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Journalists’ safety should be ensured

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In October 2012 CFOM, University of Sheffield and the BBC College of Journalism held a symposium for global media representatives on responses and input to the UN Plan of Action on the Safety of Journalists and the Issue of Impunity. Further condemning impunity and urging greater measures be taken to ensure the safety of media workers, the symposium drafted the London Statement, which has now been signed by more than forty media organizations.

Chinese Social Sciences Today (CSTT): Professor Harrison, could you please elaborate on the nature and function “London Statement”? 

Jackie Harrison: The “London Statement” is an expression of the news media’s concern and determination to scrutinize the actions of governments to counter the threats to news reporting. The Statement was signed by representatives of 46 leading media organizations and is an 8-point document focusing on the need for media and others to scrutinize governments and particularly to end the ability of state officials to allow crimes against journalists to go unpunished.  This demand for action by responsible governments to end the heavy toll of journalists’ deaths and impunity was described as unprecedented by Guy Berger, UNESCO’s Director for Freedom of Expression.

The Statement was handed to Janis Karklins, Assistant Director-General of UNESCO and the international community for urgent consideration on November 22nd, 2012 at the start of the UN’s 2nd Inter-agency meeting held in Vienna. What was also interesting and very welcomed in Vienna was that the leading global news media membership organizations (WAN-IFRA and IPI) said that they are committed to building on the Statement in order to support the implementation of the goals of the UN Plan with regard to the safety of journalists. As the Chair of the CFOM, I was particularly pleased by this development since it goes some way to establishing a mechanism for supporting the UN’s desire for periodic “reviews and assessments” of the implementation of their action plan with regard to the safety of journalists and the matter of impunity.

CSST: What are the reasons for the high death toll among journalists? Have any international laws been enacted to curb this violence?

Jackie Harrison: The range of violence against news journalists occupies a spectrum that covers state sponsored killings to states establishing–through the use of law and psychological intimidation—a compliant and self-censoring news media.  In 2012 matters were particularly bad for news journalism.

The unanimous adoption in 2006 of UN Security Council Resolution 1738 on the safety of media workers in war zones raised high expectations, but has so far brought few tangible results.  The landmark resolution seemed to promise firm action by the international community to punish and deter those responsible for targeting journalists in areas of conflict, but journalists have continued to be attacked and sometimes killed with impunity by armies in Iraq, and now in Syria and Palestine, as they were in the past elsewhere. No prosecutions or threats of punitive action have resulted from 1738, despite the great efforts required by international media and friendly governments to get it passed.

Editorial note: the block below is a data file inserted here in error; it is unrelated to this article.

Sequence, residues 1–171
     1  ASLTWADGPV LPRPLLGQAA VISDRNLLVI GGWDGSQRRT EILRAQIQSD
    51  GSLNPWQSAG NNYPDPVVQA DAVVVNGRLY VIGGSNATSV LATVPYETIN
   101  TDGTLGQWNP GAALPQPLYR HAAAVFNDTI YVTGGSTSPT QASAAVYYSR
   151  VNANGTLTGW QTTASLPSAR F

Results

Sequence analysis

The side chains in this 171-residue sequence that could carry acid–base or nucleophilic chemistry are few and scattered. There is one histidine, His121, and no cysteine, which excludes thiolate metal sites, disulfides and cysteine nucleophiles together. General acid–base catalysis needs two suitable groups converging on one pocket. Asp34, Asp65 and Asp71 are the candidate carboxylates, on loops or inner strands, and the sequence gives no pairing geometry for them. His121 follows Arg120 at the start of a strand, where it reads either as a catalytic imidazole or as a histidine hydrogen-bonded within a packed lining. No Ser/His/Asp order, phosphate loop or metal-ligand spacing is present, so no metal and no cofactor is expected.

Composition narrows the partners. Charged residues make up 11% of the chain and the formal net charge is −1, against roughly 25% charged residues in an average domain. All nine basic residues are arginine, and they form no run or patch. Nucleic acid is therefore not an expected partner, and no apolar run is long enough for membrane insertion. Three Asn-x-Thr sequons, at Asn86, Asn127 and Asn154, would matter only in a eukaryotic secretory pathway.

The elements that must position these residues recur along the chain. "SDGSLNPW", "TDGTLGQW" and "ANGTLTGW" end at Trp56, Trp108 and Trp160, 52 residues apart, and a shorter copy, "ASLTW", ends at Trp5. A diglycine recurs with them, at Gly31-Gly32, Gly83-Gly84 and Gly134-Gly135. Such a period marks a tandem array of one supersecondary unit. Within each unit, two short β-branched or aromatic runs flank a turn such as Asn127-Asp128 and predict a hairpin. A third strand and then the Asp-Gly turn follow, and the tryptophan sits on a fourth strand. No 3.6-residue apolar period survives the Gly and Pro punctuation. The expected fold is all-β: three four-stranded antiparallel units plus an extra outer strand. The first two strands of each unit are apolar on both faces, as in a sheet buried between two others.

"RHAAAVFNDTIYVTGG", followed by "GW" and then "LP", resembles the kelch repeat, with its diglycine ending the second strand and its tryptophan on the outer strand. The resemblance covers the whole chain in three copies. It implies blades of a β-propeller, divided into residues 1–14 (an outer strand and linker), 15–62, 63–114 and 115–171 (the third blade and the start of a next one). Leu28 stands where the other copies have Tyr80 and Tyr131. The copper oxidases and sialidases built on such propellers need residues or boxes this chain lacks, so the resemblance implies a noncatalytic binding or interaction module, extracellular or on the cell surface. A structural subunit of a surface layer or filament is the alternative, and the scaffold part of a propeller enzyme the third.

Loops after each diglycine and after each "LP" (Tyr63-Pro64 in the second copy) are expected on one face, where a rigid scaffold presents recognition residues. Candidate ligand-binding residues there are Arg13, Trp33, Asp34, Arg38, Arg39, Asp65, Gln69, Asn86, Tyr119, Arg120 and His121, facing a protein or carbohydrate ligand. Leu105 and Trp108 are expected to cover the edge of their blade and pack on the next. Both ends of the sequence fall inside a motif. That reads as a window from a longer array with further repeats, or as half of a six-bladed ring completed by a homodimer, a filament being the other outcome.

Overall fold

Matters are no better outside of war zones. Over the last decade there has been a sharp and continuing increase of cases of deliberate, cold-blooded killings of journalists with the express purpose of preventing them from reporting on criminality, corruption or abuses of political power in various forms. Impunity kills by encouraging more killing because the risks of violent attacks on journalists are seen to be negligible to the perpetrator with the consequence that targeted news journalists are deprived of justice or any form of redress.  UNESCO’s worldwide audit of judicial follow-ups after the journalists’ killings between 2006 and 2009 documented 244 cases of violent deaths of journalists in 36 countries during that period. Its research starkly highlighted the lack of follow-ups: out of all those cases, it was only able to verify successful convictions in a total of eight cases so far, based on reports from the states concerned.

CSST: What are your suggestions for ensuring the safety of media workers?

Jackie Harrison: There are ways to protect media workers, but all measures require commitments from different actors, which bring problems of implementation and success.  Major press, broadcasting and online media organizations now need to start to demand effective safeguards for media freedom through the arenas of international policy and law, as well as through practical safety measures on the ground.

There are some examples of success and there many examples of media and journalists’ associations or unions, such as the Russian Union of Journalists and Glasnost Defence Foundation and the Philippines Union of Journalists, etc., as well as non-government organizations (NGOs) working effectively, often under extremely difficult or dangerous conditions, to protect media workers.

Worldwide, senior editors are sharing their views about what they have learned from their experiences dealing with the deaths or persecution of their reporters or support staff in dangerous parts of the world. And there are also initiatives to develop journalism curricula in such as way as to both educate future journalists about the exercise of impunity and its causes in different parts of the world, as well as to provide practical training to ensure they can remain as safe as possible when reporting on contested topics or from areas of violence and conflict.


Interviewed by Zhang Zhe, a reporter from Chinese Academy of Social Sciences.

Chinese version appeared in Chinese Social Sciences Today, No. 401, January 7, 2013.


Edited by Feng Daimei

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